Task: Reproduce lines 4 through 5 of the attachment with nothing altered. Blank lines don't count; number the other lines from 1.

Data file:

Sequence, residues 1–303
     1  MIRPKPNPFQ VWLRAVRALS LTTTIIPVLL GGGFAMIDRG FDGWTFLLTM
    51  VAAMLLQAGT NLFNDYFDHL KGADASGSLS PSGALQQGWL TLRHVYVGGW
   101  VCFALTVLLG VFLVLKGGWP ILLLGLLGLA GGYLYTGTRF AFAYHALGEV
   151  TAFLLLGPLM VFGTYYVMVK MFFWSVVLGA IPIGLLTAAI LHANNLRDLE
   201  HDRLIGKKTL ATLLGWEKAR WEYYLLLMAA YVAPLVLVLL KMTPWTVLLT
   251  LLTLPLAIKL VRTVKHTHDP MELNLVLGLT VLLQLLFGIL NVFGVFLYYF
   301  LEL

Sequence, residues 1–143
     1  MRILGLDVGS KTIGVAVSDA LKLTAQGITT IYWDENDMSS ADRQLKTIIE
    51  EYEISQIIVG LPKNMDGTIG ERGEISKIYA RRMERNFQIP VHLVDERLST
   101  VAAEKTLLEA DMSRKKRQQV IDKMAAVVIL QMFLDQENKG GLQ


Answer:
   101  VCFALTVLLG VFLVLKGGWP ILLLGLLGLA GGYLYTGTRF AFAYHALGEV
   151  TAFLLLGPLM VFGTYYVMVK MFFWSVVLGA IPIGLLTAAI LHANNLRDLE